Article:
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Child Support, Divorce

Nesting: Giving Children A Stable Home Life in the Midst of Chaos

Nesting: Giving Children A Stable Home Life in the Midst of Chaos

Can It Work for You?

If you have kids, getting divorced is especially tough. In the back of your mind, there’s always the thought that the separation will risk the well-being of the children. The key, perhaps, is to keep it as drama -free and amicable as possible. Keep it child-centric. But how? There’s a custody / parenting arrangement called NESTING which could be the answer.

Nesting is a parenting system that separated or divorced parents use in order to keep children in their primary home and familiar surroundings. Rather than having the children going between two homes, nesting allows the children stay put while the parents alternate coming in and out of the home. Everyone wants to do right by their children in a divorce and exploring nesting may be a viable option. If you want to check out a Hollywood version of nesting, check out ABC’s romantic comedy “Splitting Up Together.” For you and your family, however, consider the arrangement’s purpose, importance, and best results.

What’s the Purpose?

A child-centered approach to your separation or divorce, if shared by your spouse, will give everyone the best chance at a healthy future. This approach can include keeping the children in the marital home for a defined period.

Some examples include the following:

  • A child about to graduate can stay in the family home amid the separation or divorce to ensure that the child remains in the school district and graduates with his or her class. This results in less disruption to the child’s daily living during a difficult time.
  • A special needs child is better suited to be in the family home as it is already set up to address the child’s needs. Again, the goal and intended result is to have the least amount of disruption as possible.

Many children need to adjust to the idea that their parents will separate or divorce and letting them do so in familiar surroundings may serve their best interests. Done right, nesting can ease the pain of the divorce and transition into two separate homes with new parenting schedules.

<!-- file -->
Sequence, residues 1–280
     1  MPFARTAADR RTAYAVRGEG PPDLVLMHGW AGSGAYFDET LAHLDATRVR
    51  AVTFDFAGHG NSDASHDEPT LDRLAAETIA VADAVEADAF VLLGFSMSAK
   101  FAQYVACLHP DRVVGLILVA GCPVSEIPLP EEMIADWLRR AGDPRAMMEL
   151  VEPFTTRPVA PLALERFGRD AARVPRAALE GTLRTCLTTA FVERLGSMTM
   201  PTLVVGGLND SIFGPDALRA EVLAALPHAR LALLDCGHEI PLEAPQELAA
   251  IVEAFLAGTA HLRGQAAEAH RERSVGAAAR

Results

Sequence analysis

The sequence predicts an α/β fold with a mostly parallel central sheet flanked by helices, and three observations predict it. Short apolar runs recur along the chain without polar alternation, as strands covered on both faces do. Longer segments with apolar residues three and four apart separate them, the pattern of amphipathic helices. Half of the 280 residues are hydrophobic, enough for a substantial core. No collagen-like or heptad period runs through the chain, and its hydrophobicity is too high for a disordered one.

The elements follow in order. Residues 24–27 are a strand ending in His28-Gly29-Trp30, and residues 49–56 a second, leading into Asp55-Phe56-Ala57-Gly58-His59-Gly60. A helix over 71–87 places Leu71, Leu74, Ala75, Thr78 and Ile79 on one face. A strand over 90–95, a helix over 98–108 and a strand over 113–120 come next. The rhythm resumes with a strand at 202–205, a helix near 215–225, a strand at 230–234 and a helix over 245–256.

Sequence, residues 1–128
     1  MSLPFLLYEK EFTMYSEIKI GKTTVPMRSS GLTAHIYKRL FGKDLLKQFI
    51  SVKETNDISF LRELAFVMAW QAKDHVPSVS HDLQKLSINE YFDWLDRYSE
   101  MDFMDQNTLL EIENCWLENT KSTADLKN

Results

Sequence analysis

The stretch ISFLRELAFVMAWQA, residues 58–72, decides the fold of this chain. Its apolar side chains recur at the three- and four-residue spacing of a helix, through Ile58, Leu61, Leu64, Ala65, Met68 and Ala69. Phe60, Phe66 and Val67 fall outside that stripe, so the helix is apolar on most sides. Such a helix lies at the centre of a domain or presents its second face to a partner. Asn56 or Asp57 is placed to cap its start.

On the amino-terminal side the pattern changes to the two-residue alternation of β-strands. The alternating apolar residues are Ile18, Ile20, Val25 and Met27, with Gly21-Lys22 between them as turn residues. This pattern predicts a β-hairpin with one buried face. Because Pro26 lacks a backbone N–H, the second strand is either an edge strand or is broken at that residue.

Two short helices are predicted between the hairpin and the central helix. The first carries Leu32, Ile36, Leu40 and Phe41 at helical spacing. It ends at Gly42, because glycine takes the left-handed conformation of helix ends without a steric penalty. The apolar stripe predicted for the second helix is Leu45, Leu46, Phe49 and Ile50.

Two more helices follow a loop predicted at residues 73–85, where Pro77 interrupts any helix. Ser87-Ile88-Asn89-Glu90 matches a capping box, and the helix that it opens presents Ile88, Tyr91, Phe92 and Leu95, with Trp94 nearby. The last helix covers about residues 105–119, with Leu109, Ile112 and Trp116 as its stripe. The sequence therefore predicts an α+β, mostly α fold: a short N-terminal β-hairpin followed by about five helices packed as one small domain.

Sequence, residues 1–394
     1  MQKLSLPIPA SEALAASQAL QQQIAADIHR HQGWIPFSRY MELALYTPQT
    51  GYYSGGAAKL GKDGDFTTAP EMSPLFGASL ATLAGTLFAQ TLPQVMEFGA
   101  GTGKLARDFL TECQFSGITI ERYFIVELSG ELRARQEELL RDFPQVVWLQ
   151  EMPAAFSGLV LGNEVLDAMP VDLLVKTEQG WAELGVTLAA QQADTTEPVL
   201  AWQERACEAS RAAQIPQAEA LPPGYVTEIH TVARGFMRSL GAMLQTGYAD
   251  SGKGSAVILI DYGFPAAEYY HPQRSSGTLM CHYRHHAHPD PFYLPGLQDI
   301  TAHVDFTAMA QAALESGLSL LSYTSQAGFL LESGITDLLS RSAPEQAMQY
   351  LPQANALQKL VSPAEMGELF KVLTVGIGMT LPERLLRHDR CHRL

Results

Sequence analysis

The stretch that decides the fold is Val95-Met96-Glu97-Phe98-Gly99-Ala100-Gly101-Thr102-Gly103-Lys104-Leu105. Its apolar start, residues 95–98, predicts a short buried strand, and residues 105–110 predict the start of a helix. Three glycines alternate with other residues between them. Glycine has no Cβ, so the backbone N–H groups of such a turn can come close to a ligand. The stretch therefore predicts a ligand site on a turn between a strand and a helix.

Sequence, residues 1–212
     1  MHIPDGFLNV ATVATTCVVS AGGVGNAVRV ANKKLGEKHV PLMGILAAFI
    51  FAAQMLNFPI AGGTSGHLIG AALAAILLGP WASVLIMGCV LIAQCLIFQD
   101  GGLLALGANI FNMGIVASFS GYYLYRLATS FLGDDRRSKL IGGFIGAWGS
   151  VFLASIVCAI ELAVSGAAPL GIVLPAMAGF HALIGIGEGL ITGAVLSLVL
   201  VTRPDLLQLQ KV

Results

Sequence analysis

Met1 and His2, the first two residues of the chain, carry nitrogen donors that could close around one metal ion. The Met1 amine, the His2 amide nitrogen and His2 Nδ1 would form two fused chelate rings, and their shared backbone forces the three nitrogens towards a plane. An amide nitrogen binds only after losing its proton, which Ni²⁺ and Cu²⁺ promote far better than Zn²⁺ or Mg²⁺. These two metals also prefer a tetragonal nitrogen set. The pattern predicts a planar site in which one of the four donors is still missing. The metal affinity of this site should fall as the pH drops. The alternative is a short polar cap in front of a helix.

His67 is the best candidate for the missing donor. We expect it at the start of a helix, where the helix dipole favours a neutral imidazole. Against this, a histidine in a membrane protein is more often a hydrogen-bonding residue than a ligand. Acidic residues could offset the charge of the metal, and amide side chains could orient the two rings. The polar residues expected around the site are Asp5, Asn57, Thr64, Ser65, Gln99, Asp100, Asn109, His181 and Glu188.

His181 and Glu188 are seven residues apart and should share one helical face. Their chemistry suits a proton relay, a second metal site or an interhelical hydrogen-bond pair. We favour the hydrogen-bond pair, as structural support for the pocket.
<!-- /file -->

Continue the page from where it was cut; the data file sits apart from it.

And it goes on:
A Change In Mindset – Permanent or Temporary?

Nesting may also allow one or both spouses to explore whether the separation is permanent or if there is a reasonable prospect of reconciliation. Trial separation while leaving the children in the home allows a couple that has a chance of bouncing back to do so without experiencing massive economic changes. It is important to have a conversation with your spouse to determine where each of you sit on a scale of 1 to 10. 10 is that you absolutely want a divorce tomorrow and 1 is that you absolutely do not want the divorce. Share your number you’re your spouse through a candid and honest conversation. This conversation is best held in a nurturing counseling environment rather than at a moment of pique.


Nesting can impact your budget both ways – spending more money than planned managing more than one living environment, or saving some money on housing during the beginning of your separation and divorce.

If you maintain the marital home and each parent needs to get a separate paid residence, the economics may weigh heavily against exploring nesting. If you already have a second home or you have nurturing friends and family who can house you on the cheap for a while, nesting may help the children and help your budget. As soon as you have to create two households, you lose efficiencies.

You may be in a leased property and it may simply not make sense to vacate or break your lease early. Keeping the leased property until the end of the term may be best for your budget and also give you time to figure out whether it is best for you to renew the lease or move on.

For homeowners, there are many decisions that need to be made during a separation or divorce. How much is the house worth? How much do we owe? How would we split up equity? Do we wait for the market of our credit to improve before we sell? You may want to wait out the market for a while since an improving market may result in a significant increase in your net sale proceeds. You may simply need time to figure out what your refinancing options are. Or, maybe you simply need to wait for a better selling season. In the northern United States, spring is viewed as the prime family home selling season. It is ideal to sell your home and close around the end of the school year so that you can be moved in and settled by the beginning of the next school year.

Keeping the home and alternatively occupying it with your spouse may remove some of the mistrust that arises out of many divorces.

What Results are you Looking for?

Tips to Avoid Failure

Tips for Success

Separation and divorce may be part of your family’s journey. Nesting can ease a part of that journey. It is a temporary device that, when managed well – with the proper help and communication skills – can serve your children well and show them a respectful and dignified way to solve big challenges. When the arrangement is used to further bitterness, get revenge against your spouse, or delay the inevitable, nesting will backfire and wind up costing you precious time, energy, respect, and money.